Digital video enables teachers and students to utilize cutting edge technology in an educational setting. Today's deaf students, like their hearing counterparts, have grown-up using computers and already have the skills to take advantage of this technology. Approximately 60-75% of the workshop will be hands-on. This workshop will provide participants with an opportunity to learn to use digital video to: enhance their school's curricula; turn their classroom/computer room into a video editing suite; encourage teamwork, communication skills and organization; enhance student projects and community interaction.
In this workshop participants will learn: how to shoot effective interesting video using a digital camcorder; how to connect a digital camera to an iMac or G4 computer; how to edit video using iMovie.
Rick Simpsonhas been teaching at the Rochester School for the Deaf for 13 years. He is currently the Visual/Electronic Media teacher in the newly installed TV studio at RSD. He taught English and Reading for six years prior to accepting his current position. Rick took video production and studio production courses at Rochester's public access station two years ago and has been utilizing skills learned there in his classes since. He graduated from the Joint Educational Specialist Program at the University of Rochester/NTID in 1985.
WS5Microsoft Word Mac & PC Workstations
In this workshop, participants will learn intermediate features of Word 2000 (PC) or Word 98 (Mac), including formatting, tables, mail merge, templates, graphic images and effects, clip-art and page layout capabilities. A series of 8-10 projects have been designed for this workshop based on forms, stationary, worksheets, and other documents common to classroom management, classroom instruction, and interoffice communication. Approximately 70% of the workshop time will be hands-on.
Deborah J. Poeattended several mainstreamed schools in the Chicago area. In 1982, she graduated with a B.T. in Computer Systems from the College of Applied Science and Technology at RIT. Debbie worked at Eastman Kodak for three years as Programmer/EDP Systems Analyst. Currently and for the past 11 years, she is home schooling her three Deaf sons. Debbie has been an adjunct faculty member for NTIDs Applied Computer Technology Department since the fall of 1998, teaching Microsoft Office applications.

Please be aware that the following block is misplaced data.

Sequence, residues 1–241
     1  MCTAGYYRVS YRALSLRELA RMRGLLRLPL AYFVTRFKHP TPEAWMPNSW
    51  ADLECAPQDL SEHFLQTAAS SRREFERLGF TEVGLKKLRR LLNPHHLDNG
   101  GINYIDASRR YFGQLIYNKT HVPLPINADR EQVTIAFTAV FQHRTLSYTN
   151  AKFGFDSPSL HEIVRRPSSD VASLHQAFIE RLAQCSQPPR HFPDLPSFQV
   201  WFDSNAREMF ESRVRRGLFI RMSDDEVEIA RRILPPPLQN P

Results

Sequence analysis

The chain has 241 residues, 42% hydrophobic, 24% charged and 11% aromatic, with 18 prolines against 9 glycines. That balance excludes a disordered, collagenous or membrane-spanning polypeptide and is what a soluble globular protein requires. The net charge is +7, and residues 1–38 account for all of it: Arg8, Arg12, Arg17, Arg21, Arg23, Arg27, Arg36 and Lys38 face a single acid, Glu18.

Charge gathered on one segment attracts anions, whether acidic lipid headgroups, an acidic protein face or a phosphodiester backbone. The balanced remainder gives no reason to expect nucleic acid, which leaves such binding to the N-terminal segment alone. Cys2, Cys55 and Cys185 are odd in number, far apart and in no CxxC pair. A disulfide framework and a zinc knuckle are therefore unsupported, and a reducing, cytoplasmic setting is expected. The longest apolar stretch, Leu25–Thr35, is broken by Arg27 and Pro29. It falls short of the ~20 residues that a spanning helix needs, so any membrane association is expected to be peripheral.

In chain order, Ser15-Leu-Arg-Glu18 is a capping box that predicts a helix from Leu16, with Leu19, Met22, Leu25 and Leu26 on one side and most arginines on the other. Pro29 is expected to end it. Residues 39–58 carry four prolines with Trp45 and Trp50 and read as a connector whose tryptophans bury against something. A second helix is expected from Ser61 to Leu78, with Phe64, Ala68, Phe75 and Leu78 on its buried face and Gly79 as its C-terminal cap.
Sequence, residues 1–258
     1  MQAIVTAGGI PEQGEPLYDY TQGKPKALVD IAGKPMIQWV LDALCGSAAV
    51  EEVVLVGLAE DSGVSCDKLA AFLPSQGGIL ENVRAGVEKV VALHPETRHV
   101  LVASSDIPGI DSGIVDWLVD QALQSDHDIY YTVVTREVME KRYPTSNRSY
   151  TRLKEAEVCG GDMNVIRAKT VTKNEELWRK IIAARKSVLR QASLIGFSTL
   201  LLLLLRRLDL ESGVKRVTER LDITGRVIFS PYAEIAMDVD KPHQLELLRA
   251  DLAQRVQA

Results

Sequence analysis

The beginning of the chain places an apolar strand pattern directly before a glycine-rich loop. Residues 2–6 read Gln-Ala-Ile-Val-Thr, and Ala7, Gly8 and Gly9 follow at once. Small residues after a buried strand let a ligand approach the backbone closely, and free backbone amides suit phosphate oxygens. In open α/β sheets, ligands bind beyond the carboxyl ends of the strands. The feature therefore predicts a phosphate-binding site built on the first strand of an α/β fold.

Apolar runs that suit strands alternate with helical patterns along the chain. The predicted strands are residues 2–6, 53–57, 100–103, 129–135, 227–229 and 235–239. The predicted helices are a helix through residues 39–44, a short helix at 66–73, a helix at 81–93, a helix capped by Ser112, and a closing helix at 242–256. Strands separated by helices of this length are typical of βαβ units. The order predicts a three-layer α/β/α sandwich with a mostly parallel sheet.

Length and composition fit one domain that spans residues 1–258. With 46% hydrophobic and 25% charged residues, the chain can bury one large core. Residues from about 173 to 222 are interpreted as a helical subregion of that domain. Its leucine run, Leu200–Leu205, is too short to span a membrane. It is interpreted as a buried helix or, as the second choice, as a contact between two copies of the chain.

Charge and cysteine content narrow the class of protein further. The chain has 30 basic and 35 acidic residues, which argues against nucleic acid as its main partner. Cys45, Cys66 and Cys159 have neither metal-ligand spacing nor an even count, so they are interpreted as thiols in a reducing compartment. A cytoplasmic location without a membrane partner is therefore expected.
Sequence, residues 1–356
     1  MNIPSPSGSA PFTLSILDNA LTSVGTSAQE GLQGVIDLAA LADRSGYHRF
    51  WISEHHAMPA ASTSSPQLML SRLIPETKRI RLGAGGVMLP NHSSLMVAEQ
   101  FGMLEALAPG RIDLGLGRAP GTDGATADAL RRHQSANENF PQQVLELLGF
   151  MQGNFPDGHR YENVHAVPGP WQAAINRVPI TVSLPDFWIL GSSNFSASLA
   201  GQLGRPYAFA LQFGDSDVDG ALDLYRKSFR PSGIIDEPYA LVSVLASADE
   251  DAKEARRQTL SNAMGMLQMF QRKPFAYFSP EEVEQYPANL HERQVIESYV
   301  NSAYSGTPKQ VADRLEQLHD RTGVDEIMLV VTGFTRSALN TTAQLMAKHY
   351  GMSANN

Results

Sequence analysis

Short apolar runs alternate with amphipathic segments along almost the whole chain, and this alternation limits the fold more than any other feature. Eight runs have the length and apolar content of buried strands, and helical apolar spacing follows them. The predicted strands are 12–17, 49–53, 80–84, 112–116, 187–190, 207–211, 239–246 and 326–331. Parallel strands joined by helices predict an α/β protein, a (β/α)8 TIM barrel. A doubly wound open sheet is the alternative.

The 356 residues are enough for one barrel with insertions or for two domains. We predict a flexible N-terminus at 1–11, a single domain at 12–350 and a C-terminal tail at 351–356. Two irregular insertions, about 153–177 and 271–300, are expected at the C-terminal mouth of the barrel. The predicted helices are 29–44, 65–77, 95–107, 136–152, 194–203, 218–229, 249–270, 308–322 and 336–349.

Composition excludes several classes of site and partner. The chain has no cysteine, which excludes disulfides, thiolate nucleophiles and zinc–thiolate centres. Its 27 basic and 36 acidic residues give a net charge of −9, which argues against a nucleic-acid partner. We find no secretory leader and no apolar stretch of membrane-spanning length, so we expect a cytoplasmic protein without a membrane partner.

WS6Web Development with FrontPage 2000 PC Workstations
This workshop is an introduction to creating web sites. It will be taught in a Microsoft Windows computer laboratory (established by a grant from the National Science Foundation) using FrontPage 2000, a popular, powerful web-creation tool also from Microsoft. At the end of the day attendees will have created and published a small web site using the following features: links, a navigation bar, text formatting, themes, graphics, and tables. The day will be divided equally between demonstration by the workshop leader and individual hands-on practice by the attendees, each of whom will be provided with a computer for the day. Samples of web sites designed for classroom and student use will be presented. Each participant will receive a workbook with sample files that will be used to guide the instruction. Attendees should be familiar with the Internet and web browsers, with word processing, and with Microsoft Windows. No prior knowledge of FrontPage is necessary.